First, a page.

Incognito Teacher

Before I became a teacher, my Mum used to joke about a teacher friend of hers that would hide down aisles in the supermarket when she spotted a student out and about. I used to find it a little ridiculous, surely it can’t be that bad? Then I became a teacher and I realised the awkwardness that comes with bumping into a student during non-work hours…

  1. The Keen Parent: There is the student that pretends to have not seen you. “Great!” you think, as you also pretend to have not seen them and quickly move yourself out of their vicinity. Unfortunately, said student is usually with a parent who has seen you. “Oh hello Mrs Roversi!” you hear whilst you’re trying to find a pair of non-see-through Primark leggings (Do these even exist?) This prompts a stunted conversation with someone you barely know whom feels like they know you, and to top it off they discuss the behaviours of little Jamie* whilst said child squirms and hides behind his parent. *Names have been changed to protect identities.
  2. The Keen Child: The one that jumps out from behind some shelves whilst you’re looking at tampons and exclaims “Hello Mrs Roversi! How are you? Aw is this your baby? He’s cute!” Now I don’t mean to sound mean, and out of all the students to bump into the keen one is probably the best, but jumping out at me and not giving me chance to prepare myself is not appreciated! This one usually engages in several conversations and also asks you if they had any homework. I’ve usually spent the entire conversation trying to remember his name, never mind which group he’s in and whether I’ve set him homework.

    Click photo for source.

  3. The Shocked One: This child is hilarious. They have no concept of teachers having a life outside of school so when they see you in Sainsburys (other supermarkets are available) with a bottle of wine/cider/baileys, pack of nappies and a large bar of chocolate in hand, they look at you like they observing animals in the wild. Utter awe and shock on their face. This one is usually quite amusing and I will make a point of saying Hi 🙂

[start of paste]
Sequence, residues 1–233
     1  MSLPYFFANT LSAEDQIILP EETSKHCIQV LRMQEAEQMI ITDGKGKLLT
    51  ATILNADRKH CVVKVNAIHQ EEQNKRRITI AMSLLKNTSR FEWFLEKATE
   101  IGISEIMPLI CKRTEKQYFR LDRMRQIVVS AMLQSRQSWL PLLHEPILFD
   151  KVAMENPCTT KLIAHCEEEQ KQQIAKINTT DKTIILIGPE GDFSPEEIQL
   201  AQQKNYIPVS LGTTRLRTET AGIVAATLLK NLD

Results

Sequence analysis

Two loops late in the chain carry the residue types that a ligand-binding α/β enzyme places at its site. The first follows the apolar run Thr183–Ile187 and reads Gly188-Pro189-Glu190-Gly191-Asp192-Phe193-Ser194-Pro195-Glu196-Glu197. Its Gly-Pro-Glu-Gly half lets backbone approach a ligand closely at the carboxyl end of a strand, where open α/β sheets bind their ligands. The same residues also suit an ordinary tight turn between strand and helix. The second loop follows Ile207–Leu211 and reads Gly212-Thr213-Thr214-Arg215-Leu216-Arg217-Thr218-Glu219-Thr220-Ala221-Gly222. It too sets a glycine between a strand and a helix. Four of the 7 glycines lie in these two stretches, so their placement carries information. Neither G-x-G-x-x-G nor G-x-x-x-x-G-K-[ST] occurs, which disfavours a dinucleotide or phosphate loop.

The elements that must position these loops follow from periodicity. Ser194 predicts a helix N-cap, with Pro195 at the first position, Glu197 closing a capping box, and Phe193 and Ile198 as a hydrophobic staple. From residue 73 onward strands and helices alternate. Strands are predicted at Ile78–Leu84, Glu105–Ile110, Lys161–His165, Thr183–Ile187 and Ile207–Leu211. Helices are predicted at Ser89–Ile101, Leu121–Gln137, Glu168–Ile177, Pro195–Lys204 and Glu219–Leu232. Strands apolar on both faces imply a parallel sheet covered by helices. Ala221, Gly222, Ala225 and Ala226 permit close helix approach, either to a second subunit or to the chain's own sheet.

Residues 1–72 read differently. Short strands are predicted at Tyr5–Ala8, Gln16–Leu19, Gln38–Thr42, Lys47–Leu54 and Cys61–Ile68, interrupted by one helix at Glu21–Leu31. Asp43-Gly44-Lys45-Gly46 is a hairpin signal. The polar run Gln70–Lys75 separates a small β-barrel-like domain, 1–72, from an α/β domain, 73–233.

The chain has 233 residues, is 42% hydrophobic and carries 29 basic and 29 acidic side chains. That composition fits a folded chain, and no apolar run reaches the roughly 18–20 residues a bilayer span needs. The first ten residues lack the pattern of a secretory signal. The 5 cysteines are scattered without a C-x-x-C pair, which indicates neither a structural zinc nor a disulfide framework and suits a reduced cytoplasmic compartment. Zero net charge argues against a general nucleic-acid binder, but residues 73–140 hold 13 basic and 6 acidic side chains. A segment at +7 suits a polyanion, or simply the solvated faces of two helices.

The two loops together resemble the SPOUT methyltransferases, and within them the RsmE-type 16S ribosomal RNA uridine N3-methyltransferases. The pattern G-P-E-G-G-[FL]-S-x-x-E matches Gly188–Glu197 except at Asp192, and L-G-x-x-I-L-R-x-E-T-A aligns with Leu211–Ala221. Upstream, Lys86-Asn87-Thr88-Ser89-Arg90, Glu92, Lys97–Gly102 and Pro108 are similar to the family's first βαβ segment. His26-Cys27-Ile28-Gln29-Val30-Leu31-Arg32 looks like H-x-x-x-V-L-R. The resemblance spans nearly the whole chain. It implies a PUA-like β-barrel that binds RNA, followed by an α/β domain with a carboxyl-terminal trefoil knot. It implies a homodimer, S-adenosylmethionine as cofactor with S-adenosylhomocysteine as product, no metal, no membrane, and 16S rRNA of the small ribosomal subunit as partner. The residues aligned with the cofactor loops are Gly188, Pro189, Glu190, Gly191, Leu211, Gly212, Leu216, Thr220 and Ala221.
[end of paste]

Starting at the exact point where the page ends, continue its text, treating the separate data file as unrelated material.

4. The Naughty One: The least enjoyable experience. I’m wandering around the local shopping centre, feeding my toddler babybel, crisps, fruits pouches and anything else that will keep him quiet when I see a child who is “challenging” in my lessons. Once they see me, the experience usually consists of whispering “Look, it’s Mrs Roversi!” followed by lots of giggling or my name being shouted loudly, followed by more giggling and running away. Great.
  5. The Naughty One with Parent: I’m wandering around the local shopping centre, feeding my toddler babybel, crisps, fruits pouches and anything else that will keep him quiet when I see a child who is “challenging” in my lesson. We lock eyes. There is fear, from both of us no doubt! Then he/she cowers, trying to steer his/her parent in another direction and I realise – ha! – she/he’s scared of what I might say. Obviously, at this point, I make said child squirm by wandering over in their direction. I might even take the packet of Pom Bears off my son to make him kick off a little to draw attention to us. If this is successful I engage in conversation with parent, smiling sweetly whilst looking at the child, fear in their eyes, knowing I have just got one over on them. Mmmwwwaaahhaha! Note: this has never happened. I’m not that mean.

In addition to these five, there are many times when I’ve been going about my daily business to be smiled at by a supposed stranger. How nice, you may think, however nine times out of ten it is a parent and I know it’s a parent as a vaguely recognise them, but I can’t place them with a child! They only have several teachers to remember whereas I have a lot of students and a rubbish memory since baby brain took hold! I always feel so bad if they start chatting to me and I don’t know which student is there beloved son/daughter. I’m getting quite good at covering up that I don’t know though! 🙂